Ultimately, they may have to give-in on that front. Otherwise, why wouldn’t a player like him test the open market? The team seems to be at a crossroads from a coaching standpoint, and with a 4-14-2 record in their last 20 games, the course of the organization could appear uncertain for a player preparing himself for a long-term commitment.
So, what would be a palatable compromise here? There is really no way that Botterill can let him leave without looking really bad in all of this. To wait this long, refuse the utilize your greatest bargaining chip (the eighth year), and let this player walk away for no return would be an unforgivable gaffe. On the flip side, Skinner’s camp would be delusional to believe that another team would offer him $9 million per season as a UFA.
Let’s operate under the assumption that the two sides reach a deal in the neighborhood of eight years, $64 million. That total would fall in line with Skinner’s market value, and bring us back to where we thought he might ultimately end-up given some historical comparables.
Should we be concerned about shelling out such a large cap number for a player that has cooled-off considerably during the second half of the season? In short, not really.
Even though his base statistical numbers aren’t as gaudy as anticipated back in November, Skinner is still extremely productive from an analytics standpoint. In nearly every advanced stats category, Skinner’s name appears near or at the top of the Sabres’ list.
The most interesting aspect of his game to analyze is his shooting metrics. Below you’ll find two charts. The first one shows Skinner’s shot map from the first half of the season (during which he scored 70-percent of his goals on the season to date). The second chart shows his shot map from the second half.
Notice what’s interesting about this chart? Well, despite his drop in production, Skinner has actually produced more shot attempts than he did in the first half, by a pretty significant margin. While his on-target percentage took a slight hit, his shot distance actually improved as well, down by more than a foot, on average.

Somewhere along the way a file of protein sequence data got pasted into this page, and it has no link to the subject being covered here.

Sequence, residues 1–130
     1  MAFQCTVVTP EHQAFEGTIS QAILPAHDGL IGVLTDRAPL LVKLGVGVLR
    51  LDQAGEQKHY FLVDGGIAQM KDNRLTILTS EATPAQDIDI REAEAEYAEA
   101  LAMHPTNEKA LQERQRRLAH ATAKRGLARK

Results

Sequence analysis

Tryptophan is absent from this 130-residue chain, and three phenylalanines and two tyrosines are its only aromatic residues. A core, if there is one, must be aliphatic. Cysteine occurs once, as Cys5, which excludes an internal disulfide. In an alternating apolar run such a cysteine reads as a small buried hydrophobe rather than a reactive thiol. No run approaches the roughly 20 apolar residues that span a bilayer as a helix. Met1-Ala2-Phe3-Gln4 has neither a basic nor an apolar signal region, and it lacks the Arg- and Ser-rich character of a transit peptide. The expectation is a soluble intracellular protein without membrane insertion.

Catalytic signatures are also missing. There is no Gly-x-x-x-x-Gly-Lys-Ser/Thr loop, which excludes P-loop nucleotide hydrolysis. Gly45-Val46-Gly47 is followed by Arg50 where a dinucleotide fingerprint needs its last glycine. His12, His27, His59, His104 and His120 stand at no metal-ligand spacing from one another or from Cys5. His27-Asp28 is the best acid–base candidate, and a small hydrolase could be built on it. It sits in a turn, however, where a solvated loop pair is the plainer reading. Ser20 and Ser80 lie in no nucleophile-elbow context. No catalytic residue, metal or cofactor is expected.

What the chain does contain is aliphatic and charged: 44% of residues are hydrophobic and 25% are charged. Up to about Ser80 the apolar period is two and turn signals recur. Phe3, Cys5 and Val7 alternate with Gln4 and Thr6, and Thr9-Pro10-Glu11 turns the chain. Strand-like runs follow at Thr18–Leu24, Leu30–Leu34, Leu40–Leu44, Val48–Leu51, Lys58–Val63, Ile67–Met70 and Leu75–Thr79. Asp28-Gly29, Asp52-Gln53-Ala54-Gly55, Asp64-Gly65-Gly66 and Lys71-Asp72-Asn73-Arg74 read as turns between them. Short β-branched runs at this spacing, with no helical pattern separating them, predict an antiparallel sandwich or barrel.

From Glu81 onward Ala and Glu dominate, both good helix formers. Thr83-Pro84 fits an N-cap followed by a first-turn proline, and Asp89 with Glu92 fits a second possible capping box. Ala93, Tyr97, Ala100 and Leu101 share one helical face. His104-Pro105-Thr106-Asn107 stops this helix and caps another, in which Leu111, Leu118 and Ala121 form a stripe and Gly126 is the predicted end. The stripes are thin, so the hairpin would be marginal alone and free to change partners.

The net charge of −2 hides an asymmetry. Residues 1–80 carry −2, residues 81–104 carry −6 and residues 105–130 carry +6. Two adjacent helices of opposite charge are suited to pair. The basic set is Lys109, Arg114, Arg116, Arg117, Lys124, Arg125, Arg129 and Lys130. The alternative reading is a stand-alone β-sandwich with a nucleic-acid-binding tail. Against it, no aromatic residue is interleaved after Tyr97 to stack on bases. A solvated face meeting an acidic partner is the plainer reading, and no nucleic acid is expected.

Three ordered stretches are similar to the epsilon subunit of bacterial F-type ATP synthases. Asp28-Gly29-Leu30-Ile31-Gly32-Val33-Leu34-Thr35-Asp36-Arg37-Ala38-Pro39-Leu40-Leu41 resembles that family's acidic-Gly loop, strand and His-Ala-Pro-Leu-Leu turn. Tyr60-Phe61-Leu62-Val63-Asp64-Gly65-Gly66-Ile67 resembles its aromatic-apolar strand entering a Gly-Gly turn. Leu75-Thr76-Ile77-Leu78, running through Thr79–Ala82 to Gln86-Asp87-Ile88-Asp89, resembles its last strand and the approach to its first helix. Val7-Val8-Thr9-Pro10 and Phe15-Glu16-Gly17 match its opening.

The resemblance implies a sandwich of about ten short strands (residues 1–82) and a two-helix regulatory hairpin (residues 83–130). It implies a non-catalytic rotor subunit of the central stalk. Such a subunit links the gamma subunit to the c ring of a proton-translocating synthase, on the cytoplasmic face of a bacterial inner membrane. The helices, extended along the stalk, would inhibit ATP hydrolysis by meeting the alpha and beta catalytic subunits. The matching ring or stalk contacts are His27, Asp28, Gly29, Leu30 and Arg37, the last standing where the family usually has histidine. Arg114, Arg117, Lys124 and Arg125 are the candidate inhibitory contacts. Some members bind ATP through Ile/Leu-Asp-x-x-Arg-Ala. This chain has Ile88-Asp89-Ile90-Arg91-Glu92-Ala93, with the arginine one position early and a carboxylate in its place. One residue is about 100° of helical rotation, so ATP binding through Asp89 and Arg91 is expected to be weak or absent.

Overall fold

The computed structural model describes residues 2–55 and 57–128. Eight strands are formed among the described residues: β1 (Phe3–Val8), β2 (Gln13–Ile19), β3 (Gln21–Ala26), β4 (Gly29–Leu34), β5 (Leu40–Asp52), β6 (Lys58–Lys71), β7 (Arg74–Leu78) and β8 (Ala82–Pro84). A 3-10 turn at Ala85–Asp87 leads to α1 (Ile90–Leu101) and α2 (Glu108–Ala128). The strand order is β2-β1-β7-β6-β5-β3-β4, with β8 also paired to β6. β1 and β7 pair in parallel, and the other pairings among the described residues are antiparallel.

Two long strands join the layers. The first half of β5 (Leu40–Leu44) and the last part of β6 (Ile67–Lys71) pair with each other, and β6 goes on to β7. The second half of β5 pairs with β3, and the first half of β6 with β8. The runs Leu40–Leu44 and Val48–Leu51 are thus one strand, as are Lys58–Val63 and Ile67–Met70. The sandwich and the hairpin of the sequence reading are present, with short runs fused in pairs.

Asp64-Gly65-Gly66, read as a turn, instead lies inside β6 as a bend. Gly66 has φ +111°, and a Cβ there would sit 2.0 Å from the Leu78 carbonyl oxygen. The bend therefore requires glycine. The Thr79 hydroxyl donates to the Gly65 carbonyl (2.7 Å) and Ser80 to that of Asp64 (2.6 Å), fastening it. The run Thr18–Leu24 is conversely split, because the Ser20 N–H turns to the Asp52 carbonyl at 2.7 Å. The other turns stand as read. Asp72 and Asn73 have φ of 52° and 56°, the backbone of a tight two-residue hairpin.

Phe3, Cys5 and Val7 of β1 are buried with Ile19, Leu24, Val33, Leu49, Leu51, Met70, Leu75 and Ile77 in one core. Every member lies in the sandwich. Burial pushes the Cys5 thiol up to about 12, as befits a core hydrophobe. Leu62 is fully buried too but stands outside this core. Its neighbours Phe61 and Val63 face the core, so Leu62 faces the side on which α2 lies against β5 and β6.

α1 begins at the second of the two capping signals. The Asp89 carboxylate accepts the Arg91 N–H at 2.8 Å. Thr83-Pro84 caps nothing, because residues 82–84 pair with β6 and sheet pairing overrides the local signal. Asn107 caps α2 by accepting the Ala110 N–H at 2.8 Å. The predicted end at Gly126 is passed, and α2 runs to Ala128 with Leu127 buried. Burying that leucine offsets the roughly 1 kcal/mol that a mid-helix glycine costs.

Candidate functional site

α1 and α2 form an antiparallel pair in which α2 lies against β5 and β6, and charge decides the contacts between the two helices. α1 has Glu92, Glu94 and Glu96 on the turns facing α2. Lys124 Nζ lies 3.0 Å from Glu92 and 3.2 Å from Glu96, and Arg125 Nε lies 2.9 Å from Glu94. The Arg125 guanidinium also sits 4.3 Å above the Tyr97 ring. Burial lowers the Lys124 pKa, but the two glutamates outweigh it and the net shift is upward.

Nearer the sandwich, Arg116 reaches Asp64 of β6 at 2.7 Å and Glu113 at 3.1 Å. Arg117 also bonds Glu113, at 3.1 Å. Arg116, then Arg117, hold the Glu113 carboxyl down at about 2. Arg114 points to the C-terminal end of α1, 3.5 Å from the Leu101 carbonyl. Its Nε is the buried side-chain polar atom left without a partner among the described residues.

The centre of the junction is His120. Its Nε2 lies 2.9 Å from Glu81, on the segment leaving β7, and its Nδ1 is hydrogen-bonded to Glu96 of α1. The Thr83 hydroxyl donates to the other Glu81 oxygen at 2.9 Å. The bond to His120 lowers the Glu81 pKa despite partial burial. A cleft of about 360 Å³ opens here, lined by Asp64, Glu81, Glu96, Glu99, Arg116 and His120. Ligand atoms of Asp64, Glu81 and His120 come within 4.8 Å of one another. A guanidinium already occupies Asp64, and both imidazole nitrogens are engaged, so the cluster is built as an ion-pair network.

The key here is a regression in his conversion percentage. Over the last 37 games, Skinner’s percentage is 6.145, which is significantly lower than the unsustainable 18.18-percent he posted in his first 37 games. To summarize, Skinner has actually done a better job (or at the very least remained consistent) as a shooter in the second half, despite his goal-scoring regression.
That conclusion is solidified by the fact that, based on his shooting metrics that I’ve outlined above, his xG has improved as well. He also has retained his status as the clubhouse leader in goals above replacement (by a long shot).
People don’t always take well to the term “puck luck” but that’s what we’re seeing here. Skinner’s puck luck was very good in the first half, and pretty bad in the second. Regardless, there is nothing he has done worse positionally or from a selection standpoint. That’s the area of consistency which fans should be most attentive to, and it bodes well for his viability as a long-term, reliable producer on offense.
It all comes down to hammering out a deal, but something in the neighborhood we discussed above shouldn’t give anyone pause. Skinner is worth every bit of $8 million and Botterill was wise to wait for his “puck luck” to level-off. Now it’s on the second year general manager to seal the deal before it’s too late.
He’s seen all he needs to at this point, and it would be best to reach an agreement before the end of the season. The fate of the Sabres’ depth on the wing, and Botterill’s reputation among fans (not to mention ownership) hangs in the balance.